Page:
Kansas State University

Chris Klieman keeps K-State football players feeling fresh with new practice approach

It’s approaching 90 degrees on a sunny Tuesday afternoon as the Kansas State football team finishes its latest preseason practice, and everyone is eating watermelon.

This is a time for players to recharge after two hours of hard work and sweat. They are taking advantage. The Wildcats are all smiles as they chomp on their snacks and make the walk from their grass fields to their locker room on the other side of the K-State athletic complex.

They are tired, but they look like they just finished a sprint instead of a marathon.

That wasn’t always the case last year. In fact, higher energy levels after practice might be the most noticeable change at preseason camp with new coach Chris Klieman taking over for Bill Snyder.

“They are doing a better job of making sure we keep our bodies fresh,” senior receiver Dalton Schoen said. “Coach Snyder’s mentality was old school, rough and tough, we are going to keep grinding all the time. This team is a little different.”

Time will tell if a lighter conditioning workload will lead to better results this season, but it is certainly a welcome change for K-State players.

“Not running as much definitely helps the recovery part of things with your legs,” senior offensive lineman Nick Kaltmayer said. “Being out here every day, something that goes fast is your legs. By Day 2 or Day 3, you really start to feel it. That is one of the good parts about this year.”

Coaches still ask a great deal from players during practice and regularly scheduled workouts. And Chris Dawson is still their strength and conditioning coach. They spend lots of time in the weight room. Nothing has changed there.

Players actually say practices are more intense now than they used to be, but they don’t last quite as long.

Klieman urges them to get their conditioning in during every every two-hour practice window, but that’s it. Once practice ends, they are encouraged to stay off their feet.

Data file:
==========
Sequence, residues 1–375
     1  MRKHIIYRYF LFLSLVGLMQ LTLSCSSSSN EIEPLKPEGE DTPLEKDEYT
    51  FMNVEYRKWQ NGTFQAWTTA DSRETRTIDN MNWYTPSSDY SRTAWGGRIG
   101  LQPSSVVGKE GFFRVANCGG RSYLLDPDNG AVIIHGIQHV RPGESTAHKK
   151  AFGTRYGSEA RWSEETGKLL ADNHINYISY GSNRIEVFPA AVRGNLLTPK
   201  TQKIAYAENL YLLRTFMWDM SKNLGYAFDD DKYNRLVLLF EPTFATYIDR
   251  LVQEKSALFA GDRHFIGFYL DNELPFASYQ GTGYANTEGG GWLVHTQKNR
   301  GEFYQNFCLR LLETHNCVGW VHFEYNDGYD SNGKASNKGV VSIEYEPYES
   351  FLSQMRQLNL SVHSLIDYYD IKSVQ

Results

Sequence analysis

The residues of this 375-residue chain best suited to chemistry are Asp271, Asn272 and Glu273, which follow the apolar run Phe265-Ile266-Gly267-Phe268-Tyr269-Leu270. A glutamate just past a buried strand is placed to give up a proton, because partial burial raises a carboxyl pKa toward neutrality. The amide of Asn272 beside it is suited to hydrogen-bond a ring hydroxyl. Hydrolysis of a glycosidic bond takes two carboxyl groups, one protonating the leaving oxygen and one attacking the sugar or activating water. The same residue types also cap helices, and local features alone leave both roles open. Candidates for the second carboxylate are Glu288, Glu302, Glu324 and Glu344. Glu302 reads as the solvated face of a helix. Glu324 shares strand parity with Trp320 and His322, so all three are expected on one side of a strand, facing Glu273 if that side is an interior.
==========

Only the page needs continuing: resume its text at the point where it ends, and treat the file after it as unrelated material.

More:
“The plan we use as a program has kind of been proven,” offensive line coach Conor Riley said. “You have got to continue to push these guys every single day, but the way we are protecting ourselves on defense and the way we are staying up and staying off the ground, those are things that make sure we get to that first game healthy.”

In previous years, the end of practice didn’t mean the end of work for K-State players. That’s often when their most grueling conditioning work took place. It was time for them to run, and run hard. Just finishing wasn’t enough.

Distance varied on how they performed at practice that day. Sometimes it was a lot. Sometimes they got off easy. K-State quarterbacks coach Collin Klein, a former player under Snyder, says his old teammates still talk about the time they had to sprint 50 yards a whopping 36 times after one practice.

That strategy produced hard-nosed teams that fought to the bitter end of games and seasons. The Wildcats were usually strong finishers under Snyder, and that could be attributed to extra conditioning work. As other programs began to fade, the Wildcats surpassed them and won games late at least partially because they worked so hard in August.

But that could also be blamed for some recent slow starts, as the Wildcats have only begun nonconference play 3-0 once over the past six seasons. Some could argue players were fatigued by the end of preseason camp and unable to give 100 percent in Week 1.

Whatever the case, K-State is going in a new direction when it comes to conditioning this season.

“Some of that made us real tough and hardy,” Klein said. “I think I have seen some fresher legs in camp this year, which is a positive thing. There is an argument that could be made on both sides of the coin. Whatever you are doing you have to do it well, whether you are running or not running.”

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